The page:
Growers say labor law changes will make hiring more difficult
The Labor Department is trying again to roll back Bush administration regulations that made it easier for farmers to hire temporary foreign farm workers.
The agency last Thursday said it is proposing new rules that would boost wages and increase safeguards for thousands of seasonal workers brought in each year to help farmers pick their crops. It would also require that growers make greater efforts to fill those jobs with American workers.
If the rules are adopted, they would largely reverse regulations finalized shortly before President George W. Bush left office and return to a framework that had been in effect since 1987.
Labor and immigrant rights groups have criticized the Bush regulations, claiming they would slash farm wages and make it harder for domestic workers to claim those jobs.
The Labor Department briefly suspended the Bush rules earlier this year, but officials were forced to reinstate them after farm groups successfully challenged the decision in federal court.
“Every worker deserves to be treated and paid fairly,” Labor Secretary Hilda Solis said. “That is especially true of agricultural workers, who often perform backbreaking work for very low wages.”
Solis said the new rules would let the Labor Department take a more active role in protecting farm workers from mistreatment and keeping domestic workers from being unfairly displaced.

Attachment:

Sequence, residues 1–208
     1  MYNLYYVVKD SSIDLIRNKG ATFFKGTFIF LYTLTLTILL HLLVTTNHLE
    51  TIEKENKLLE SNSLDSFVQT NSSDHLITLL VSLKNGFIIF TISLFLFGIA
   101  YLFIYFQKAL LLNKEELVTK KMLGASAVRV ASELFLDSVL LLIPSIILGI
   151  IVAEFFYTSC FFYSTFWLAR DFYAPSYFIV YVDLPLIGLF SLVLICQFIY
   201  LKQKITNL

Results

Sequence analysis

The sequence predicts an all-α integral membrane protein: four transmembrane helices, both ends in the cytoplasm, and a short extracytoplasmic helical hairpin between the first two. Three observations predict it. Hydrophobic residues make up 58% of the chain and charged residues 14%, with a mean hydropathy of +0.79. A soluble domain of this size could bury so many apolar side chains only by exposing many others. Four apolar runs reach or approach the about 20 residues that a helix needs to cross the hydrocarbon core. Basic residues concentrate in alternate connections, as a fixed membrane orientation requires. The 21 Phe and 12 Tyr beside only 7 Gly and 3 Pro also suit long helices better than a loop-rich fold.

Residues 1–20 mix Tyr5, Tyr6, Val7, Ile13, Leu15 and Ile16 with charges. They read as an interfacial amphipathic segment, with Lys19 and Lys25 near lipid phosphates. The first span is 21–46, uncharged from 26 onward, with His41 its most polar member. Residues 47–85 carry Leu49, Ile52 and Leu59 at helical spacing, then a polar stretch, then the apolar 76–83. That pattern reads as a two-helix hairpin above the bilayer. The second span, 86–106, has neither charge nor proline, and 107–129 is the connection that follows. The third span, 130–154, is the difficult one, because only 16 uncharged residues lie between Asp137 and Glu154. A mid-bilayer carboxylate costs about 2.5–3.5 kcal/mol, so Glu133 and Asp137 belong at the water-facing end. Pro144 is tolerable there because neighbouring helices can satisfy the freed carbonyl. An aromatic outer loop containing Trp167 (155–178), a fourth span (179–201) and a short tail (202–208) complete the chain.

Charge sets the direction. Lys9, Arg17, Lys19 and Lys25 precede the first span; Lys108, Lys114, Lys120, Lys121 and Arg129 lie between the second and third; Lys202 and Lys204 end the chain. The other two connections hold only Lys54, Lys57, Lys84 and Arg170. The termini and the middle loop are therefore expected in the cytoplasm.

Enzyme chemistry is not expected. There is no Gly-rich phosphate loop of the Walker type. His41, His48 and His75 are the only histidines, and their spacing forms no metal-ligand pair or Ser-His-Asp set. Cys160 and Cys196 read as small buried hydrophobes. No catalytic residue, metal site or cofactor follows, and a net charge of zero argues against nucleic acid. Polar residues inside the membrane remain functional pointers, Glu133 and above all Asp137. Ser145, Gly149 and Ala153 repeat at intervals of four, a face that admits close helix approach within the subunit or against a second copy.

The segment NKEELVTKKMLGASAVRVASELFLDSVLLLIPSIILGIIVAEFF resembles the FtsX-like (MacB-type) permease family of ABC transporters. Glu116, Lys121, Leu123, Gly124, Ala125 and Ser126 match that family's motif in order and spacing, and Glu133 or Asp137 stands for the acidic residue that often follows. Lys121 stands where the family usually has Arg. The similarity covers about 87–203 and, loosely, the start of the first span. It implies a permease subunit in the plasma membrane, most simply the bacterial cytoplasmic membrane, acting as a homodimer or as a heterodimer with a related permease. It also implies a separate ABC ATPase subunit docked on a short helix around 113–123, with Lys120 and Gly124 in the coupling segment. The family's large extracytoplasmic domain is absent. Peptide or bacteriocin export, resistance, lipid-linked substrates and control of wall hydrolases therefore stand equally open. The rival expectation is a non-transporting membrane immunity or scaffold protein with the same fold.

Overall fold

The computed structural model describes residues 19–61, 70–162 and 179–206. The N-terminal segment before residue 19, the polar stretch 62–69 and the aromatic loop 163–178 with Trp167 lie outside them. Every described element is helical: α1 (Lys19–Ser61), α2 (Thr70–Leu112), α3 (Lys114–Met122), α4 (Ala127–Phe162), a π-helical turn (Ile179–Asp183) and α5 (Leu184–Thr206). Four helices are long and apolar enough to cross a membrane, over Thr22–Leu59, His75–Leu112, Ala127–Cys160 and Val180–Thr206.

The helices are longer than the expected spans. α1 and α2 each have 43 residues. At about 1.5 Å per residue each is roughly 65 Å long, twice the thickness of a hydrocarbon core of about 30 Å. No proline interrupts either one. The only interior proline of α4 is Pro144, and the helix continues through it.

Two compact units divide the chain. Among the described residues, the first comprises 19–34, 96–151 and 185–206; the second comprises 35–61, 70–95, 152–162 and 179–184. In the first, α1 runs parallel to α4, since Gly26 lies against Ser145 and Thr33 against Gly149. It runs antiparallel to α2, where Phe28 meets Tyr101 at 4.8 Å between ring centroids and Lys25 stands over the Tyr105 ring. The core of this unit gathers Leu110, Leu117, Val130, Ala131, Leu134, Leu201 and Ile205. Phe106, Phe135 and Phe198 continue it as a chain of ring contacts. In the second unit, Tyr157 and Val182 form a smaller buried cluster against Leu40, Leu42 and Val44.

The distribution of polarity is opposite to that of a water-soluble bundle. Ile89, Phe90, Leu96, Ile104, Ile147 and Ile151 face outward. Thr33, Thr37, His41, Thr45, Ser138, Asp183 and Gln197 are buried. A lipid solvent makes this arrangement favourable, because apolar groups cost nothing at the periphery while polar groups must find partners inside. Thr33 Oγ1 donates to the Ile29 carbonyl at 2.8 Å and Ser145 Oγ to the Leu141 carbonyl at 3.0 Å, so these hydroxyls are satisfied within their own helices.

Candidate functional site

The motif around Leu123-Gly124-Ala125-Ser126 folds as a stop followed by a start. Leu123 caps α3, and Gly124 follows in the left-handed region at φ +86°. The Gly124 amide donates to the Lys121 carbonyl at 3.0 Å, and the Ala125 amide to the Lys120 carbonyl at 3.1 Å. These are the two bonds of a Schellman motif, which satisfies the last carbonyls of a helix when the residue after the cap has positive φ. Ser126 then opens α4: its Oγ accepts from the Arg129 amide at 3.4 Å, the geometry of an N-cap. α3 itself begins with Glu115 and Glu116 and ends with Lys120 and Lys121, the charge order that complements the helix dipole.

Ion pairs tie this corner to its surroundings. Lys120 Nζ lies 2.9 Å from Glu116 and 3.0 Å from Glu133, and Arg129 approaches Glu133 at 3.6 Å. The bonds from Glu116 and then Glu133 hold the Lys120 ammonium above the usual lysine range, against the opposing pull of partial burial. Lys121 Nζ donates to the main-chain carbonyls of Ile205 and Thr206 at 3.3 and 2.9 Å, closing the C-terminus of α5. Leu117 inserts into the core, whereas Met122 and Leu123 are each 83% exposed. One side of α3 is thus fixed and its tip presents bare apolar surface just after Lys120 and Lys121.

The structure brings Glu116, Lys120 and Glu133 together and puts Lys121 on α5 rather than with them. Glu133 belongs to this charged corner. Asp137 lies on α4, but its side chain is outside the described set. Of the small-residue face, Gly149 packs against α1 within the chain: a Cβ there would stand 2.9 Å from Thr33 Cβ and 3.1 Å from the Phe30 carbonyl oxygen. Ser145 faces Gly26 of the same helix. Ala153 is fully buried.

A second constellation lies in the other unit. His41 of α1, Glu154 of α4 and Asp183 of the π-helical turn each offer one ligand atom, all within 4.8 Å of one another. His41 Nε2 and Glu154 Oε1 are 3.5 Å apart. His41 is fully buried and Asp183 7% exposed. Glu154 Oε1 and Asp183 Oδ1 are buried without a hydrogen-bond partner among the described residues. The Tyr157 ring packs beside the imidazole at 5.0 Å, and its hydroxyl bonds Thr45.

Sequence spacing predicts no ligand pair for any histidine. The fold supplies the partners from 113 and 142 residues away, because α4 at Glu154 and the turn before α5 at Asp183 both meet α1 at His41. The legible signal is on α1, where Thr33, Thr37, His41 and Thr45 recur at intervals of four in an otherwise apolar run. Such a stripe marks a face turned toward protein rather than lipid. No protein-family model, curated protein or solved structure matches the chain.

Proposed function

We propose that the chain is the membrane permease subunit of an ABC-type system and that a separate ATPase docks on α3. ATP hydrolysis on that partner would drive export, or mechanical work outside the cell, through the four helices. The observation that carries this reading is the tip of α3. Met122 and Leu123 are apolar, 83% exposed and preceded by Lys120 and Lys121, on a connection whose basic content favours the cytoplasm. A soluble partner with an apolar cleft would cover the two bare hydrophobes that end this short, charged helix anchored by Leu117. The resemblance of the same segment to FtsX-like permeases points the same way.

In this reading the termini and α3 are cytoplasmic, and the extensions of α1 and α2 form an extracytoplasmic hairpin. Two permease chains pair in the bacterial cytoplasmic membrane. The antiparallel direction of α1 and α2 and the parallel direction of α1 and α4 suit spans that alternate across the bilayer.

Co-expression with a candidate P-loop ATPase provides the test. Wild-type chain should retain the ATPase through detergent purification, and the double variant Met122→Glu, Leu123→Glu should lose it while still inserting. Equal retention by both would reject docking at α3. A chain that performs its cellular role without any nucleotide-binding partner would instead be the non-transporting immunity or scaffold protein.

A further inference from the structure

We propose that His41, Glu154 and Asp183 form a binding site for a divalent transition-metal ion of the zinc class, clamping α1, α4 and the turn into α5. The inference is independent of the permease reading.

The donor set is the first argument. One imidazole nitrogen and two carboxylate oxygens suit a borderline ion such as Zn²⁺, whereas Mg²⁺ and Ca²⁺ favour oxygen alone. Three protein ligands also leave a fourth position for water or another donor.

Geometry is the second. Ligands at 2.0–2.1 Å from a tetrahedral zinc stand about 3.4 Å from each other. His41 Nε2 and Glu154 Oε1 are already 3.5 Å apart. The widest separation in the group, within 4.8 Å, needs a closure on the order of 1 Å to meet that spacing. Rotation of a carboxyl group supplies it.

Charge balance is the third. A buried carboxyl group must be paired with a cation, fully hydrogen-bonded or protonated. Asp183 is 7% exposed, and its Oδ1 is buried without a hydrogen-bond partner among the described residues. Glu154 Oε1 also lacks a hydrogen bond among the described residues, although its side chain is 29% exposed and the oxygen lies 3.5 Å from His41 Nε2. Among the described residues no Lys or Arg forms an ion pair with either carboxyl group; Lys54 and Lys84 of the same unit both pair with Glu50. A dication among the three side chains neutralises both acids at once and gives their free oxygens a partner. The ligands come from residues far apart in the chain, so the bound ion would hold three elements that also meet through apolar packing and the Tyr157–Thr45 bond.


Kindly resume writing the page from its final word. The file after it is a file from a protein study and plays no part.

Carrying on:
Farm growers say the changes to the H-2A guest worker program will make it more cumbersome and expensive for them to hire foreign workers for tough field jobs that most Americans don’t want.
“The Bush rules did go a long way to streamline the process and make it more feasible,” said Jason Resnick, assistant general counsel for the Western Growers Association in Irvine, CA. “If that rule is rolled back, it would be a huge setback for production agriculture.”
Resnick said growers are likely to take legal action against the new rules if they are approved after a 30-day comment period.
The new rules would return to the old standard for determining temporary farm wages, resulting in an increase for workers of about $1.44 an hour. Farmers would also have to submit documentation certifying that they tried to fill the jobs with American workers. Under the Bush rules, those documents had to be presented only if there was a government audit.
The proposed rules would require state work force agencies to inspect temporary worker housing before an employer is approved to bring in foreign workers— something the Bush rule didn’t mandate until after workers moved in.
Labor officials say the new rules do retain some of the efforts of the Bush administration to streamline paperwork and make the program more efficient. But they also go further than the 1987 regulations in boosting worker protections.
For the first time, the rules would require posting of farm jobs through an electronic job registry to make sure domestic workers get the first shot. And if prevailing wages go up in the middle of a temporary worker’s contract, the grower would have to increase the worker’s wages. — DTN